- External influences: External factors such as social norms, family traditions, and peer pressure can influence clients and create resistance to coaching.
Ways to Coach Through Resistance
When clients are resistant and non-compliant, there are many strategies a health coach can use to coach through resistance. These techniques allow for a health coach to assist their clients in breaking through what is holding them back.
- Embrace Positive Psychology: Encourage clients to focus on the positive aspects of changing instead of what is wrong and how to fix it. This shift in perspective allows clients to see the brighter future ahead and the small achievements along the way.
- Ask Open-Ended Questions: Coaches can encourage clients to think about their reasons for motivation and change. By actively engaging in their own self-discovery and gaining insight into their decisions, they are more likely to commit to making change.
- Establish Rapport: Building a connection between the health coach and the client is the foundation of every successful coaching relationship. This ensures open communication and trust throughout the coaching process. Good rapport is created through active listening, showing understanding and empathy, and creating a genuine connection with a client.
- Create a Safe Space: Clients need a non-judgmental space to feel comfortable being open and honest with a health coach and with themselves. Coaches can create these spaces by establishing clear boundaries, ethical guidelines, and communication ensuring confidentiality. Coaches should also use active listening and validation skills to create an atmosphere free from criticism, allowing clients to express themselves.
- Adapting the Coach Approach: Every client is different and will need different levels of support, especially when it comes to resistance. What works for one person may not work for another. Health coaches need to be flexible and open to using new techniques when working with clients. Tailor coaching techniques to each client.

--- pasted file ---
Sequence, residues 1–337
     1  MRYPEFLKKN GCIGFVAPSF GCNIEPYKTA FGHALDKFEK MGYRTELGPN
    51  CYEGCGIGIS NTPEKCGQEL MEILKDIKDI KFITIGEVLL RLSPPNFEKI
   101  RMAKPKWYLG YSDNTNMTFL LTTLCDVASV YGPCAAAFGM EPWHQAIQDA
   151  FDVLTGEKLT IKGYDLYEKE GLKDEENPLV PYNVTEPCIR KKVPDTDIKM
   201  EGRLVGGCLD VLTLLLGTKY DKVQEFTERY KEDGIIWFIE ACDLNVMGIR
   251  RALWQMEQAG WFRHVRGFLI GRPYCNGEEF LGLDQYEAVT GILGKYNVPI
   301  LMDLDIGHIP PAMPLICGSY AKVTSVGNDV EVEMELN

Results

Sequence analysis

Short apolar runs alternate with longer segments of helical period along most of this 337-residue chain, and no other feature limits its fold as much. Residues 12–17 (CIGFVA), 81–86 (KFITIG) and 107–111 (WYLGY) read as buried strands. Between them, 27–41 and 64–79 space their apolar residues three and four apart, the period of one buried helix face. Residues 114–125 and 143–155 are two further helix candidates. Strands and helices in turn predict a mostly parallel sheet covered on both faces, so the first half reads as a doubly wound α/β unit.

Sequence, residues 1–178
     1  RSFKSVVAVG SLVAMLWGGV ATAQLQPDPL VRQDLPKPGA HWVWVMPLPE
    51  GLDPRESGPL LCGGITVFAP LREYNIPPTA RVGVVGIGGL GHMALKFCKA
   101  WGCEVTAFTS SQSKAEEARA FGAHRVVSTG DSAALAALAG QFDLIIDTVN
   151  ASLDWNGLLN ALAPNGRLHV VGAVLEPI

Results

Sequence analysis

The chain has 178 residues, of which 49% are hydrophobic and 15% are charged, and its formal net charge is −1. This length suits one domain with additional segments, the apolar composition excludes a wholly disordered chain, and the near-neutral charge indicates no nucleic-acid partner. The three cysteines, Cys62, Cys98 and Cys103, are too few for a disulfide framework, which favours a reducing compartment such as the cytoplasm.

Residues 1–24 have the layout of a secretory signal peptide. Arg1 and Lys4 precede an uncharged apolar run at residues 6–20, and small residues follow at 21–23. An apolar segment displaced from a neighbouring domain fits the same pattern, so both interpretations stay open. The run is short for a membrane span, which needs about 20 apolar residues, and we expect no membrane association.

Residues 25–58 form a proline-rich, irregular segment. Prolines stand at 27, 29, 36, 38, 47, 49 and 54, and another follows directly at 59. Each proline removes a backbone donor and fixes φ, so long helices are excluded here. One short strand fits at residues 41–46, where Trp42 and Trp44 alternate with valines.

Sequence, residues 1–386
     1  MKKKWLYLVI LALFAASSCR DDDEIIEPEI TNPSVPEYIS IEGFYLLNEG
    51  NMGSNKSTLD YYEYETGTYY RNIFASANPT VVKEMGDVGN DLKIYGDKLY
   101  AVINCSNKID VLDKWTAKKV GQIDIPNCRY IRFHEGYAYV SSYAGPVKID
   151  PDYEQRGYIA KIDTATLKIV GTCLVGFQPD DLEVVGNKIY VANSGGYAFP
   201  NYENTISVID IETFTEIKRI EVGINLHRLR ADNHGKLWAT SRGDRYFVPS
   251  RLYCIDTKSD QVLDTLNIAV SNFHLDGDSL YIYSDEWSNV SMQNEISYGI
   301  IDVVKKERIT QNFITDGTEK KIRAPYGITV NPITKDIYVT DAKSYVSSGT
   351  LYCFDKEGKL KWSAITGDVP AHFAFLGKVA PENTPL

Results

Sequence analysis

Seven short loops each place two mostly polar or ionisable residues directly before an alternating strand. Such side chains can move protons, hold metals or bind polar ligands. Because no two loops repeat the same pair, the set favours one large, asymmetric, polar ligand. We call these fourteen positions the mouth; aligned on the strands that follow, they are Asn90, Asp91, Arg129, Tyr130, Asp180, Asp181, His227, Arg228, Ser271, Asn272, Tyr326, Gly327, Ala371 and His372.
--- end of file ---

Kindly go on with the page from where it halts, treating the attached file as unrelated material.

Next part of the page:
- Growing Your Education: By adding new skills to your health coaching toolkit, health coaches will have access to more options when it comes to client resistance. Expanding your education may offer a new way to approach a problem with a client or offer insight into a client’s struggles.
- Seek Out Additional Support: Sometimes a client’s resistance stems from a deeper issue that falls outside a health coach’s scope of practice. When this happens, it’s important to recognize your limitations and refer clients to the appropriate resources and professionals they need.
Resistance is a natural part of change. It is the role of a health coach to support clients and guide them through overcoming this resistance as they move through their health journey. By understanding the causes of health coaching resistance and being able to identify the signs, coaches can address resistance in a manageable and productive way. There will always be setbacks along the way to reaching a goal, so coaches need to encourage clients to acknowledge their resistance, navigate through it, and embrace change.